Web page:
**diff options**

Diffstat (limited to 'src/util')

-rw-r--r-- | src/util/Makefile.am | 1 | ||||

-rw-r--r-- | src/util/consttime_memcmp.c | 279 |

2 files changed, 280 insertions, 0 deletions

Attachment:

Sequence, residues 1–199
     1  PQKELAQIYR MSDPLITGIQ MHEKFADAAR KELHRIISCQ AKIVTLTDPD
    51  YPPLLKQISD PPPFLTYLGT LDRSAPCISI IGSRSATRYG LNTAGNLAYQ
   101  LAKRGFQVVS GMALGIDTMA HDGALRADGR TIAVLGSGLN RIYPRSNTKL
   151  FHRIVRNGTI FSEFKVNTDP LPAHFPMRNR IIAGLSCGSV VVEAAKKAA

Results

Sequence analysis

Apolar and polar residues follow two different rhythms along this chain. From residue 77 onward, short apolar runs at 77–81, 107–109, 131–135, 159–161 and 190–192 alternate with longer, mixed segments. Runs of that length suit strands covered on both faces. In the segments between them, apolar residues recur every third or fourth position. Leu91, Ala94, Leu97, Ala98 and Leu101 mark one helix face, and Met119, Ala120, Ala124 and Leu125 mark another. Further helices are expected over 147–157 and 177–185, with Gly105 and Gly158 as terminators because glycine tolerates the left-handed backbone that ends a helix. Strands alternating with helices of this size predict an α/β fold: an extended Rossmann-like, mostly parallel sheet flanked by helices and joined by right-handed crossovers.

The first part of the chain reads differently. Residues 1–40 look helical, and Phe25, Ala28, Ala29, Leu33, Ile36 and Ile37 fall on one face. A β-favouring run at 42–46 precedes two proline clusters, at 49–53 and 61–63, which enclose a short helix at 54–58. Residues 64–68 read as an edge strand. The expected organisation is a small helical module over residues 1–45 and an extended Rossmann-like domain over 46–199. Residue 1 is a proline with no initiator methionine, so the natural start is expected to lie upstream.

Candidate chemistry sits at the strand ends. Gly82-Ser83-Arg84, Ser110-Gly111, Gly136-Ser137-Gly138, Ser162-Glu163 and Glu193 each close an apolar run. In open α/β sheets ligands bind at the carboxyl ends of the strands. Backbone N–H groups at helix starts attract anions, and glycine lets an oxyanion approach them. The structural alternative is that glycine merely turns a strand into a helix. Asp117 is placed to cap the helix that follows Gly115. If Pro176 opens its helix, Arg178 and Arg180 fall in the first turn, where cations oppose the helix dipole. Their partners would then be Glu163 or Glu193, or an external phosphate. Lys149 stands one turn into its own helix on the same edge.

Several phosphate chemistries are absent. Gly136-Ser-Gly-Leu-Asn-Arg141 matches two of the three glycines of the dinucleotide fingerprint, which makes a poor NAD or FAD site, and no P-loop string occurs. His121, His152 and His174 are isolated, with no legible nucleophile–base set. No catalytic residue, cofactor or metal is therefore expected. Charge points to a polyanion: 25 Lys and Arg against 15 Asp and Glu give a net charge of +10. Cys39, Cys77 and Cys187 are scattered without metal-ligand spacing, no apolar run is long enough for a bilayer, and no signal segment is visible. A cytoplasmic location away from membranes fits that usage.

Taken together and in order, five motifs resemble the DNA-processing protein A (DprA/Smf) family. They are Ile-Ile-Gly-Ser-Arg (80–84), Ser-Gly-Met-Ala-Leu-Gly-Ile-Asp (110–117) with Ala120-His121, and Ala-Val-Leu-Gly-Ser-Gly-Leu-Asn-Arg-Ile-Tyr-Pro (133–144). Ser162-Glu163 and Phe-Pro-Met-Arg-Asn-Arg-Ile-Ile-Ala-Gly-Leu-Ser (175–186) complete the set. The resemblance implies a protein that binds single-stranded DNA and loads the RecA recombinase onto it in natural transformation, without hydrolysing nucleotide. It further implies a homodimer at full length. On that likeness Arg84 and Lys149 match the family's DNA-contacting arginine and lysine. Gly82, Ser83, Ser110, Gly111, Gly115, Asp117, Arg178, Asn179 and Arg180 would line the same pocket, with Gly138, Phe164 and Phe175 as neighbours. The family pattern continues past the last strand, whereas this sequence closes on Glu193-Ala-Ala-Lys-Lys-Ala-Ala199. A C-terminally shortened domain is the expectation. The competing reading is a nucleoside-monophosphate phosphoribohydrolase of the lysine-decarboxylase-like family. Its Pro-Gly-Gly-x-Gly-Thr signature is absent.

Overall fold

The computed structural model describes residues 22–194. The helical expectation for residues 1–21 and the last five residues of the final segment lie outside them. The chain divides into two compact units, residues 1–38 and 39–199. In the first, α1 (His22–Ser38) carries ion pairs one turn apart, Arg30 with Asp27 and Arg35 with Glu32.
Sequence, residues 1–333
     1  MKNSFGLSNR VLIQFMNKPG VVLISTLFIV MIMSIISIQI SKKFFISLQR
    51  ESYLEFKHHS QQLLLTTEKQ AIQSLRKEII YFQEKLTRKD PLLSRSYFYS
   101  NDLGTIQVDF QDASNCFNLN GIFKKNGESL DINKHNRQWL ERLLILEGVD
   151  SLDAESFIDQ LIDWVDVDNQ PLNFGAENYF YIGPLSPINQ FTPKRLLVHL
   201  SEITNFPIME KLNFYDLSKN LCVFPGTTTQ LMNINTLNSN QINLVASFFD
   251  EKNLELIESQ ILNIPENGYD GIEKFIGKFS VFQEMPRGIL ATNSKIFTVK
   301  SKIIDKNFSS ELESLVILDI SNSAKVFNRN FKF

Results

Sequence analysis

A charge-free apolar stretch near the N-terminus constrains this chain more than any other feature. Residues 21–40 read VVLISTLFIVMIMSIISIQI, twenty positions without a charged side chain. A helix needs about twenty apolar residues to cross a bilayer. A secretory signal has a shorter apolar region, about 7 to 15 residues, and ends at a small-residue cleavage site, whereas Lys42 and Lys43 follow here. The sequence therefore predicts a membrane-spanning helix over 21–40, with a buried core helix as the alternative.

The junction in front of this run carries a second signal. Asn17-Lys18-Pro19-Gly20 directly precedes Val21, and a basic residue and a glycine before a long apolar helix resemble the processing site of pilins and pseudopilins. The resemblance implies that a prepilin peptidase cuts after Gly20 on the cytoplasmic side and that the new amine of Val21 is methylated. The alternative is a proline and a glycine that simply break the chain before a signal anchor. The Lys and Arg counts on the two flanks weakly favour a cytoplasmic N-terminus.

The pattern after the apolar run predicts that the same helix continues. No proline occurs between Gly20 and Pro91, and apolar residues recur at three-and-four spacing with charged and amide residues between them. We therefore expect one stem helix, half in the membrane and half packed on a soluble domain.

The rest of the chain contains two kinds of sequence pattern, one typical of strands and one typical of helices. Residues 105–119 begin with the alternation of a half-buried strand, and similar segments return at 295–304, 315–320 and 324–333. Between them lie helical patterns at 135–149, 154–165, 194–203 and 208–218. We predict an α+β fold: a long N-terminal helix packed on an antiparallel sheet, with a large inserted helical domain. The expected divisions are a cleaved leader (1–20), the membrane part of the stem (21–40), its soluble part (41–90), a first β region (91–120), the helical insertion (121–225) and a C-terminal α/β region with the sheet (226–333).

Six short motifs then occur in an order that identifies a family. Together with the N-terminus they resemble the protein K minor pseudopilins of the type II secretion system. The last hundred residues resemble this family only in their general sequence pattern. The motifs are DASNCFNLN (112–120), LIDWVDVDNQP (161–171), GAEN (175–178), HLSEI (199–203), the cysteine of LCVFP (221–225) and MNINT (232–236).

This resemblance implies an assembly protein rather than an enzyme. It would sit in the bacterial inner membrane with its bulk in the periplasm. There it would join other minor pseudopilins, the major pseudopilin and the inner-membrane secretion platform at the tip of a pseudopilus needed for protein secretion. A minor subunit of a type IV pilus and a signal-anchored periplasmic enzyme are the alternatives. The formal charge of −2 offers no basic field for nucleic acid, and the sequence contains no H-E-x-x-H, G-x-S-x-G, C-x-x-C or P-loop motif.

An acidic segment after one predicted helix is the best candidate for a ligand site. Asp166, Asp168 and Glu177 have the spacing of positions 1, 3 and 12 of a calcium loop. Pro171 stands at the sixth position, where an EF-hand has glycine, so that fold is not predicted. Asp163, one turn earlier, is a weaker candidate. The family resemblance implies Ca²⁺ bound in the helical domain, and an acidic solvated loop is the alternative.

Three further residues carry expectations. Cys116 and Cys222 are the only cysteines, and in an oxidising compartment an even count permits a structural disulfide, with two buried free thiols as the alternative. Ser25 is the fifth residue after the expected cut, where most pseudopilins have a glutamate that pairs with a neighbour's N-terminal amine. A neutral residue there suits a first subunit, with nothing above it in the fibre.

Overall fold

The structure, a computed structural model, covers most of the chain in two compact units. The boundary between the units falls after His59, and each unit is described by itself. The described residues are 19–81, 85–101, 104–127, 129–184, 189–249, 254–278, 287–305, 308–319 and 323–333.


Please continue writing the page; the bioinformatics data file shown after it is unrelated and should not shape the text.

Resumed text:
diff --git a/src/util/Makefile.am b/src/util/Makefile.am index ffe95a24f..ae72abb44 100644 --- a/src/util/Makefile.am +++ b/src/util/Makefile.am @@ -46,6 +46,7 @@ libgnunetutil_la_SOURCES = \ common_logging.c \ configuration.c \ configuration_loader.c \ + consttime_memcmp.c \ container_bloomfilter.c \ container_heap.c \ container_meta_data.c \ diff --git a/src/util/consttime_memcmp.c b/src/util/consttime_memcmp.c new file mode 100644 index 000000000..820ba9835 --- /dev/null +++ b/src/util/consttime_memcmp.c @@ -0,0 +1,279 @@ +/* +The MIT License (MIT) + +Copyright (c) 2015 Christophe Meessen + +Permission is hereby granted, free of charge, to any person obtaining a copy +of this software and associated documentation files (the "Software"), to deal +in the Software without restriction, including without limitation the rights +to use, copy, modify, merge, publish, distribute, sublicense, and/or sell +copies of the Software, and to permit persons to whom the Software is +furnished to do so, subject to the following conditions: + +The above copyright notice and this permission notice shall be included in all +copies or substantial portions of the Software. + +THE SOFTWARE IS PROVIDED "AS IS", WITHOUT WARRANTY OF ANY KIND, EXPRESS OR +IMPLIED, INCLUDING BUT NOT LIMITED TO THE WARRANTIES OF MERCHANTABILITY, +FITNESS FOR A PARTICULAR PURPOSE AND NONINFRINGEMENT. IN NO EVENT SHALL THE +AUTHORS OR COPYRIGHT HOLDERS BE LIABLE FOR ANY CLAIM, DAMAGES OR OTHER +LIABILITY, WHETHER IN AN ACTION OF CONTRACT, TORT OR OTHERWISE, ARISING FROM, +OUT OF OR IN CONNECTION WITH THE SOFTWARE OR THE USE OR OTHER DEALINGS IN THE +SOFTWARE. +*/ + +/* Minimally modified for libgnunetutil: added license header + (from https://github.com/chmike/cst_time_memcmp, LICENSE file), and + renamed the exported symbol: */ +#define consttime_memcmp GNUNET_memcmp_ct_ +/* Rest of the file is 'original' */ + + +#include <stddef.h> +#include <inttypes.h> + +/* + * "constant time" memcmp. Time taken depends on the buffer length, of + * course, but not on the content of the buffers. + * + * Just like the ordinary memcmp function, the return value is + * tri-state: <0, 0, or >0. However, applications that need a + * constant-time memory comparison function usually need only a + * two-state result, signalling only whether the inputs were identical + * or different, but not signalling which of the inputs was larger. + * This code could be made significantly faster and simpler if the + * requirement for a tri-state result were removed. + * + * In order to protect against adversaries who can observe timing, + * cache hits or misses, page faults, etc., and who can use such + * observations to learn something about the relationship between the + * contents of the two buffers, we have to perform exactly the same + * instructions and memory accesses regardless of the contents of the + * buffers. We can't stop as soon as we find a difference, we can't + * take different conditional branches depending on the data, and we + * can't use different pointers or array indexes depending on the data. + * + * Further reading: + * + * .Rs + * .%A Paul C. Kocher + * .%T Timing Attacks on Implementations of Diffie-Hellman, RSA, DSS, and Other Systems + * .%D 1996 + * .%J CRYPTO 1996 + * .%P 104-113 + * .%U http://www.cryptography.com/timingattack/paper.html + * .%U http://www.webcitation.org/query?url=http%3A%2F%2Fwww.cryptography.com%2Ftimingattack%2Fpaper.html&date=2012-10-17 + * .Re + * + * .Rs + * .%A D. Boneh + * .%A D. Brumley + * .%T Remote timing attacks are practical + * .%D August 2003 + * .%J Proceedings of the 12th Usenix Security Symposium, 2003 + * .%U https://crypto.stanford.edu/~dabo/abstracts/ssl-timing.html + * .%U http://www.webcitation.org/query?url=https%3A%2F%2Fcrypto.stanford.edu%2F%7Edabo%2Fabstracts%2Fssl-timing.html&date=2012-10-17 + * .%U http://www.webcitation.org/query?url=http%3A%2F%2Fcrypto.stanford.edu%2F%7Edabo%2Fpubs%2Fpapers%2Fssl-timing.pdf&date=2012-10-17 + * .Es + * + * .Rs + * .%A Coda Hale + * .%T A Lesson In Timing Attacks (or, Don't use MessageDigest.isEquals) + * .%D 13 Aug 2009 + * .%U http://codahale.com/a-lesson-in-timing-attacks/ + * .%U http://www.webcitation.org/query?url=http%3A%2F%2Fcodahale.com%2Fa-lesson-in-timing-attacks%2F&date=2012-10-17 + * .Re + * + */ + +/* + * A note on portability: + * + * We assume that char is exactly 8 bits, the same as uint8_t, and that + * integer types with exactly 16 bits and exactly 32 bits exist. (If + * there is ever a need to change this, then the actual requirement is + * that we need a type that is at least two bits wider than char, and + * another type that is at least two bits wider than that, or we need to + * fake it somehow.) + * + * We do not assume any particular size for the plain "int" type, except + * that it is at least 16 bits, as is guaranteed by the C language + * standard. + * + * We do not assume that signed integer overflow is harmless. We + * ensure that signed integer overflow does not occur, so that + * implementation-defined overflow behaviour is not invoked. + * + * We rely on the C standard's guarantees regarding the wraparound + * behaviour of unsigned integer arithmetic, and on the analagous + * guarantees regarding conversions from signed types to narrower + * unsigned types. + * + * We do not assume that the platform uses two's complement arithmetic. + */ + +/* + * How hard do we have to try to prevent unwanted compiler optimisations? + * + * Try compiling with "#define USE_VOLATILE_TEMPORARY 0", and examine + * the compiler output. If the only conditional tests in the entire + * function are to test whether len is zero, then all is well, but try + * again with different optimisation flags to be sure. If the compiler + * emitted code with conditional tests that do anything other than + * testing whether len is zero, then that's a problem, so try again with + * "#define USE_VOLATILE_TEMPORARY 1". If it's still bad, then you are + * out of luck. + */ +#define USE_VOLATILE_TEMPORARY 0 + +int +consttime_memcmp (const void *b1, const void *b2, size_t len) +{ + const uint8_t *c1, *c2; + uint16_t d, r, m; + +#if USE_VOLATILE_TEMPORARY + volatile uint16_t v; +#else + uint16_t v; +#endif + + c1 = b1; + c2 = b2; + + r = 0; + while (len) + { + /* + * Take the low 8 bits of r (in the range 0x00 to 0xff, + * or 0 to 255); + * As explained elsewhere, the low 8 bits of r will be zero + * if and only if all bytes compared so far were identical; + * Zero-extend to a 16-bit type (in the range 0x0000 to + * 0x00ff); + * Add 255, yielding a result in the range 255 to 510; + * Save that in a volatile variable to prevent + * the compiler from trying any shortcuts (the + * use of a volatile variable depends on "#ifdef + * USE_VOLATILE_TEMPORARY", and most compilers won't + * need it); + * Divide by 256 yielding a result of 1 if the original + * value of r was non-zero, or 0 if r was zero; + * Subtract 1, yielding 0 if r was non-zero, or -1 if r + * was zero; + * Convert to uint16_t, yielding 0x0000 if r was + * non-zero, or 0xffff if r was zero; + * Save in m. + */v = ((uint16_t) (uint8_t) r) + 255; + m = v / 256 - 1; + + /* + * Get the values from *c1 and *c2 as uint8_t (each will + * be in the range 0 to 255, or 0x00 to 0xff); + * Convert them to signed int values (still in the + * range 0 to 255); + * Subtract them using signed arithmetic, yielding a + * result in the range -255 to +255; + * Convert to uint16_t, yielding a result in the range + * 0xff01 to 0xffff (for what was previously -255 to + * -1), or 0, or in the range 0x0001 to 0x00ff (for what + * was previously +1 to +255). + */d = (uint16_t) ((int) *c1 - (int) *c2); + + /* + * If the low 8 bits of r were previously 0, then m + * is now 0xffff, so (d & m) is the same as d, so we + * effectively copy d to r; + * Otherwise, if r was previously non-zero, then m is + * now 0, so (d & m) is zero, so leave r unchanged. + * Note that the low 8 bits of d will be zero if and + * only if d == 0, which happens when *c1 == *c2. + * The low 8 bits of r are thus zero if and only if the + * entirety of r is zero, which happens if and only if + * all bytes compared so far were equal. As soon as a + * non-zero value is stored in r, it remains unchanged + * for the remainder of the loop. + */r |= (d & m); + + /* + * Increment pointers, decrement length, and loop. + */ + ++c1; + ++c2; + --len; + } + + /* + * At this point, r is an unsigned value, which will be 0 if the + * final result should be zero, or in the range 0x0001 to 0x00ff + * (1 to 255) if the final result should be positive, or in the + * range 0xff01 to 0xffff (65281 to 65535) if the final result + * should be negative. + * + * We want to convert the unsigned values in the range 0xff01 + * to 0xffff to signed values in the range -255 to -1, while + * converting the other unsigned values to equivalent signed + * values (0, or +1 to +255). + * + * On a machine with two's complement arithmetic, simply copying + * the underlying bits (with sign extension if int is wider than + * 16 bits) would do the job, so something like this might work: + * + * return (int16_t)r; + * + * However, that invokes implementation-defined behaviour, + * because values larger than 32767 can't fit in a signed 16-bit + * integer without overflow. + * + * To avoid any implementation-defined behaviour, we go through + * these contortions: + * + * a. Calculate ((uint32_t)r + 0x8000). The cast to uint32_t + * it to prevent problems on platforms where int is narrower + * than 32 bits. If int is a larger than 32-bits, then the + * usual arithmetic conversions cause this addition to be + * done in unsigned int arithmetic. If int is 32 bits + * or narrower, then this addition is done in uint32_t + * arithmetic. In either case, no overflow or wraparound + * occurs, and the result from this step has a value that + * will be one of 0x00008000 (32768), or in the range + * 0x00008001 to 0x000080ff (32769 to 33023), or in the range + * 0x00017f01 to 0x00017fff (98049 to 98303). + * + * b. Cast the result from (a) to uint16_t. This effectively + * discards the high bits of the result, in a way that is + * well defined by the C language. The result from this step + * will be of type uint16_t, and its value will be one of + * 0x8000 (32768), or in the range 0x8001 to 0x80ff (32769 to + * 33023), or in the range 0x7f01 to 0x7fff (32513 to + * 32767). + * + * c. Cast the result from (b) to int32_t. We use int32_t + * instead of int because we need a type that's strictly + * larger than 16 bits, and the C standard allows + * implementations where int is only 16 bits. The result + * from this step will be of type int32_t, and its value wll + * be one of 0x00008000 (32768), or in the range 0x00008001 + * to 0x000080ff (32769 to 33023), or in the range 0x00007f01 + * to 0x00007fff (32513 to 32767). + * + * d. Take the result from (c) and subtract 0x8000 (32768) using + * signed int32_t arithmetic. The result from this step will + * be of type int32_t and the value will be one of + * 0x00000000 (0), or in the range 0x00000001 to 0x000000ff + * (+1 to +255), or in the range 0xffffff01 to 0xffffffff + * (-255 to -1). + * + * e. Cast the result from (d) to int. This does nothing + * interesting, except to make explicit what would have been + * implicit in the return statement. The final result is an + * int in the range -255 to +255. + * + * Unfortunately, compilers don't seem to be good at figuring + * out that most of this can be optimised away by careful choice + * of register width and sign extension. + * + */return (/*e*/ int) (/*d*/ + (/*c*/ int32_t) (/*b*/ uint16_t) (/*a*/ (uint32_t) r + 0x8000) + - 0x8000); +} |